Marketers need to be trained and more attentive to bias and take steps to minimize it in their communication. It is not a simple tech fix, but it requires a conscious effort on the part of marketers to ensure their communication is unbiased and inclusive.

Modern marketing teams will adapt ChatGPT; it’s inevitable if you want to survive. But it’s up to us humans to use it effectively and creatively. As with any tool, it’s only as helpful as the person wielding it. So, let’s become highly skilled at our technique and use it when needed and for the proper purpose. 

Why Hidden Pricing is Enemy #1, with Allyson Havener, TrustRadius


Despite data supporting the case for creating a more self-serve buying process, many SaaS revenue teams still operate in a way that is legit the opposite of what today’s buyer wants. New report data from more than 2,000 B2B tech buyers reveals what self-serve looks like in practice — and it’s transparent pricing, free demos and no freakin’ cold calls.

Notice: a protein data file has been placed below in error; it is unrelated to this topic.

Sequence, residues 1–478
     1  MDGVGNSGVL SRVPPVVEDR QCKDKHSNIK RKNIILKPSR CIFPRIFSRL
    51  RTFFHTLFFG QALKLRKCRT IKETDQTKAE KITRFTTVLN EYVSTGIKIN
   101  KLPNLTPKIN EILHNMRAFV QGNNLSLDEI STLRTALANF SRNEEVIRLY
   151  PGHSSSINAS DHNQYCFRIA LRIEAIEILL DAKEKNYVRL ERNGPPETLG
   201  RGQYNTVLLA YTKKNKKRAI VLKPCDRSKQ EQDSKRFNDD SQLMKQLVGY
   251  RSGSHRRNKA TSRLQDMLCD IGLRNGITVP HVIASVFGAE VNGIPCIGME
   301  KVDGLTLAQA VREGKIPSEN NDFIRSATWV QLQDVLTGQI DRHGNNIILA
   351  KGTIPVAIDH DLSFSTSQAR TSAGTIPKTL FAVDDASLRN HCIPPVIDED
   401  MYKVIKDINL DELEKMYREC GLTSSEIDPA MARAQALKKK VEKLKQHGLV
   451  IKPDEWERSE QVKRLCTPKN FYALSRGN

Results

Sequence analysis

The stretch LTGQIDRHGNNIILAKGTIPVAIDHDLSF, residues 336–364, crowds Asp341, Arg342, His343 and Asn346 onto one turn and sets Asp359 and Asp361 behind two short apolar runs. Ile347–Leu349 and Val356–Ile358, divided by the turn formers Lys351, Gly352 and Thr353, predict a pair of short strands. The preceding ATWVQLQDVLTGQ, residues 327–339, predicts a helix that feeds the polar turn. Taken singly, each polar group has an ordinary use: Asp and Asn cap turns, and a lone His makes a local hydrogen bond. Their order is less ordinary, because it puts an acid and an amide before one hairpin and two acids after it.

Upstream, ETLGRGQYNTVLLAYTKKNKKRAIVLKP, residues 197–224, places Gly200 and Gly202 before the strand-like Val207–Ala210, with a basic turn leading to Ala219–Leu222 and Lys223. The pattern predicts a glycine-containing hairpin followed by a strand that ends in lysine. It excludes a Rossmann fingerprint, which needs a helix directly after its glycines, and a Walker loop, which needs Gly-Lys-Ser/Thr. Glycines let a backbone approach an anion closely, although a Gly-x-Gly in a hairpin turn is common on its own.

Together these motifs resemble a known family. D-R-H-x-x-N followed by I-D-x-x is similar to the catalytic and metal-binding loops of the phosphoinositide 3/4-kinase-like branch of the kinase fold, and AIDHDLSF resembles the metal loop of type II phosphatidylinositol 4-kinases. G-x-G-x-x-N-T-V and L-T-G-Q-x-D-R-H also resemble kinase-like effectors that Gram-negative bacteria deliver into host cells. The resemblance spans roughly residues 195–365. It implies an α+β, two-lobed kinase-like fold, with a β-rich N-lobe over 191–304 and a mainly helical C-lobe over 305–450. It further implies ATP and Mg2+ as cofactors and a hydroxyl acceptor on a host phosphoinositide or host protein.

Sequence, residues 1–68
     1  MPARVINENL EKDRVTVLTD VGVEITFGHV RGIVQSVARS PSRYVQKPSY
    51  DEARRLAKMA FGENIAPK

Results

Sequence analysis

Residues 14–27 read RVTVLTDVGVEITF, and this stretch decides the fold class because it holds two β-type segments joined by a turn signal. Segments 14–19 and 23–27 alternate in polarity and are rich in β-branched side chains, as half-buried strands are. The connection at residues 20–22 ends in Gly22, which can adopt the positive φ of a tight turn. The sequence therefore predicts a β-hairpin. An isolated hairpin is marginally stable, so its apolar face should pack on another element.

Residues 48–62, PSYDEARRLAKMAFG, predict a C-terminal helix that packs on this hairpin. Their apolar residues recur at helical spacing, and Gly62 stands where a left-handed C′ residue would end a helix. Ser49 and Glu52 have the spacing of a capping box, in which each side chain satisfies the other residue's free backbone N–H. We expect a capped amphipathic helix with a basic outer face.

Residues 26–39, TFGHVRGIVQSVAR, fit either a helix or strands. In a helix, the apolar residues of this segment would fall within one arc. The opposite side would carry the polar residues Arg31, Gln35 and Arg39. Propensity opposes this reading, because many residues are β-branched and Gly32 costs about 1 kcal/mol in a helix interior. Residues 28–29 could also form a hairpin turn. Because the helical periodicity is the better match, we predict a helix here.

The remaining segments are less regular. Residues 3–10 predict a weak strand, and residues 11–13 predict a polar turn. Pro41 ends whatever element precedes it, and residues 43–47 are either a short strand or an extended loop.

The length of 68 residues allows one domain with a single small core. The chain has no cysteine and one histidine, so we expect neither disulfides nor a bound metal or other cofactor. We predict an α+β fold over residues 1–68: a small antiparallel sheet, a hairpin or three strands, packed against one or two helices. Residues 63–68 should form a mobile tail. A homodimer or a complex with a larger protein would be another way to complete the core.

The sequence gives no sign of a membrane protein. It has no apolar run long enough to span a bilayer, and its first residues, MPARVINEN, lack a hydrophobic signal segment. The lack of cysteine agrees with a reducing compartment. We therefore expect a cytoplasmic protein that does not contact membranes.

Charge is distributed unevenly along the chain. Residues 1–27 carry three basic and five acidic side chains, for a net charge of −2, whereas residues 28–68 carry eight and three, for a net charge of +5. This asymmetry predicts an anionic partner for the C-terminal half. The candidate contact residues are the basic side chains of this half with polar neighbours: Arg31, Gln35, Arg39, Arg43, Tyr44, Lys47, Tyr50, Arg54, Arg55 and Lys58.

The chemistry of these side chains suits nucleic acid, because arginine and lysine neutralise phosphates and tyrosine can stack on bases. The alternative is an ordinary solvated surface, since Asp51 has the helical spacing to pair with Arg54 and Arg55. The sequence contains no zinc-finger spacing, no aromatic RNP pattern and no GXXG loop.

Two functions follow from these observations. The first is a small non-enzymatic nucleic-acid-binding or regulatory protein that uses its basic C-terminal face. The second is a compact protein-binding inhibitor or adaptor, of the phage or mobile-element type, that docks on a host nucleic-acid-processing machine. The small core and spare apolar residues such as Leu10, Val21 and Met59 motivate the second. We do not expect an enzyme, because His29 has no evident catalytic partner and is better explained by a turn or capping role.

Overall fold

Listen as Lindsey speaks with Allyson Havener, VP of Marketing at TrustRadius, about the report’s results and how it’s changing the course for SaaS go-to-market teams.

B2B buyers want the royal treatment (AKA, a B2C experience)

TrustRadius’ 2022 B2B buying trends report has an intriguing title: “The Age of the Self-Serve Buyer.” The report suggests B2B buyers crave consumer experiences, even when shopping for organizational expenditures like software.